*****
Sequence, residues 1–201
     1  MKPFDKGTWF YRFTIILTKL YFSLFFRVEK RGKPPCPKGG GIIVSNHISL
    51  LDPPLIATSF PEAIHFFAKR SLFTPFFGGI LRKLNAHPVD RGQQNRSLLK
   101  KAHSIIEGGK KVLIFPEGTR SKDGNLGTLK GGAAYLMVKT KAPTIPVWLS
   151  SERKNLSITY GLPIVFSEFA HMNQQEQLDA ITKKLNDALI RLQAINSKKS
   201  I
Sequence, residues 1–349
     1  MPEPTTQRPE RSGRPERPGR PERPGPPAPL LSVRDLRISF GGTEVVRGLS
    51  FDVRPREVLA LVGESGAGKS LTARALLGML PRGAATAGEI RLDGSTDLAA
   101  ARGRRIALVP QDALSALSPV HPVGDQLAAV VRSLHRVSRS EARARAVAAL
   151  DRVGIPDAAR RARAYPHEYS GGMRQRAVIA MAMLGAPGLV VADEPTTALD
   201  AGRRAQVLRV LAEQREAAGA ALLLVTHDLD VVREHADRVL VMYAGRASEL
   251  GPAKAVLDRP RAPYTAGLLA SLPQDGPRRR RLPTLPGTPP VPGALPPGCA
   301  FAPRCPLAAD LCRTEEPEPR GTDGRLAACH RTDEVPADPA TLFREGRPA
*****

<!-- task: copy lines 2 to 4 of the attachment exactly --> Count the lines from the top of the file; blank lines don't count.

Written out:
     1  MKPFDKGTWF YRFTIILTKL YFSLFFRVEK RGKPPCPKGG GIIVSNHISL
    51  LDPPLIATSF PEAIHFFAKR SLFTPFFGGI LRKLNAHPVD RGQQNRSLLK
   101  KAHSIIEGGK KVLIFPEGTR SKDGNLGTLK GGAAYLMVKT KAPTIPVWLS